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Japan Earth Power

Japan's Annual Nuclear Drill Highlights Problems 43

AmiMoJo writes The Japanese government's disaster drill for nuclear power plants has highlighted some issues. The 2-day drill began on Sunday on the scenario that an earthquake had triggered an accident at the Shika plant in Ishikawa Prefecture. A group of residents gathered at a port to flee in boats on the assumption that the earthquake had made roads unusable. But the sea was too rough to sail, and officials had not considered an alternative in case of bad weather. Participating organizations were connected via a video link, but there were problems with the sound. Officials at the Toyama Prefectural government office could not hear part of the evacuation order.
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Japan's Annual Nuclear Drill Highlights Problems

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  • Good job. (Score:5, Insightful)

    by Anonymous Coward on Monday November 03, 2014 @11:21AM (#48301093)
    Sounds like the drill successfully identified some process issues that can now be corrected. Good work.
    • Re: (Score:3, Insightful)

      by thaiceman ( 2564009 )

      The first post is actually useful and made by an AC, there is reason to stick around /. not all is lost yet.

      On a more serious note the AC hit the nail on the head, the point of doing test drills is to identify problems so they can be addressed before a bunch of people die or get irradiated so bad that they glow in the dark.

      • I hope they are working on their tsunami drills. That's what would have saved lives in 2011.
        • I hope they are working on ANY AND ALL IMPORTANT drills (IN STRICT, OBJECTIVE ORDER OF PRIORITY AND LIKELIHOOD OF EVENT). That's what would have saved lives in 2011.

          There. Fixed that for you.

      • kidding me right ? 45 years after the start of fukushima's plant, 3 years after a major disaster, the local clowns can't factor in the meteo to get their evac plan right... YES A DRILL IS TO IDENTIFY PROBLEMS... NOT 45 YEARS AFTER THEY SHOULD HAVE BEEN MADE.

        Dear god, I feel like Jane Goodall among those chimps...

    • Re:Good job. (Score:5, Interesting)

      by i kan reed ( 749298 ) on Monday November 03, 2014 @11:30AM (#48301167) Homepage Journal

      Yeah, and it definitely means they need a follow-up drill to see if they fixed the problems in the near future. Recurring problems should be spotted and taken into overall understanding of nuclear risk.

      Identified and fixable problems, on the other hand, are going to be misused by anti-nuclear advocates.

    • If you look at the true risks involved in mass evacuations vs expected exposure for most situations, its safer to stay home.
    • by AmiMoJo ( 196126 ) *

      That would be find it if was a year or two before the plant opened, but this thing has been there for decades.

      To give some background, Japan has annual earthquake preparedness drills that everyone takes part in. Every business, every school, every neighbourhood practices what to do. Makes sense since they have regular large quakes. The problem is that in the case of these nuclear plants hubris has stopped them doing proper drills until now, and it turns out that even some of the most basic considerations (b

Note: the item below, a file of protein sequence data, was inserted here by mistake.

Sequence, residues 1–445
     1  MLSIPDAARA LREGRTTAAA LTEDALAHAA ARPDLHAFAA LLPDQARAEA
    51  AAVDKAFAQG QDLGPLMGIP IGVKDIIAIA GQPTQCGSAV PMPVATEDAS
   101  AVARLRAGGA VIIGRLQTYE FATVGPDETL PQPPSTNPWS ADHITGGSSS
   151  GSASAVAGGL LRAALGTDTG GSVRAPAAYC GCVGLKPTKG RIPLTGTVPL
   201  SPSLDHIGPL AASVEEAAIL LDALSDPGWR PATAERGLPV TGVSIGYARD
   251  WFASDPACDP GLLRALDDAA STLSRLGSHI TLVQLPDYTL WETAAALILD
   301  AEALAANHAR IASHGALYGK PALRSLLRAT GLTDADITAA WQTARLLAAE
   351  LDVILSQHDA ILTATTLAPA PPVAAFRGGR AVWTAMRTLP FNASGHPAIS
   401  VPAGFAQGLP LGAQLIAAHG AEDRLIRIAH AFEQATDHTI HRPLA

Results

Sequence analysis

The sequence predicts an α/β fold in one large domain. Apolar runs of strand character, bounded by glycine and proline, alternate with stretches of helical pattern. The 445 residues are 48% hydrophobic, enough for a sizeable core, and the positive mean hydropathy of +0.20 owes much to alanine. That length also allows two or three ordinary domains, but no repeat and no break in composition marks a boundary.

• by Anonymous Coward

        That would be find it if was a year or two before the plant opened, but this thing has been there for decades.

        Better late than never.

    • Re:Good job. (Score:5, Interesting)

      by SixFactor ( 1052912 ) on Monday November 03, 2014 @03:00PM (#48303229) Journal

      I second. Drills are the way to identify and correct flaws, as well as to identify areas for improvement. It is unfortunate that it took a one-two punch to turn around Japan's nuclear culture [nrc.gov], but hopefully they come out stronger, as we had following the Three Mile Island Unit 2 event in 1979. Here in the U.S., even now, emergency drills at nuclear power plants continue to optimize emergency processes, and to test a plant's (including and especially its staff's) response to a significant adverse event. The typical drill postulates a series of malfunctions that inevitably lead to a radiation release, which then triggers an evacuation. This latter part is designed to exercise local and state resources as well.

      After Fukushima, the paradigm got turned a bit on its head: instead of a nuclear plant event causing the emergency, it's a natural calamity that degrades and destroys infrastructure that could lead to a radiation release. As a result, the lessons learned prompted at least one order [nrc.gov], which requires all U.S. plants to be ready for events that are beyond their current design bases. In other words, if your plant was designed for a Category 3 hurricane, be ready to handle one that's much more devastating. As you might expect, this is no small expense, but the U.S utilities have committed to making the preparations, and you can find descriptions of these on the NRC website.

  • by Anonymous Coward on Monday November 03, 2014 @11:25AM (#48301121)

    I was SO confused

  • ... because that bat-shit crazy Rick Perry ain't got sense god gave a piss ant.

  • by Thanshin ( 1188877 ) on Monday November 03, 2014 @12:00PM (#48301367)

    INT. HIGH RANK MILITARY CONFERENCE ROOM - UNDERGROUND

    (A GENERAL takes center stage and points to a map of Japan with a large red circle around Tokio.)

    GENERAL: (In a dramatic tone)
    The disaster drill for nuclear power plants has highlighted some issues. The 2-day drill began on Sunday on the scenario that an earthquake had triggered an accident at the Shika plant in Ishikawa Prefecture. A group of residents gathered at a port to flee in boats on the assumption that the earthquake had made roads unusable. But the sea was too rough to sail, and officials had not considered an alternative in case of bad weather. Participating organizations were connected via a video link, but there were problems with the sound. Officials at the Toyama Prefectural government office could not hear part of the evacuation order.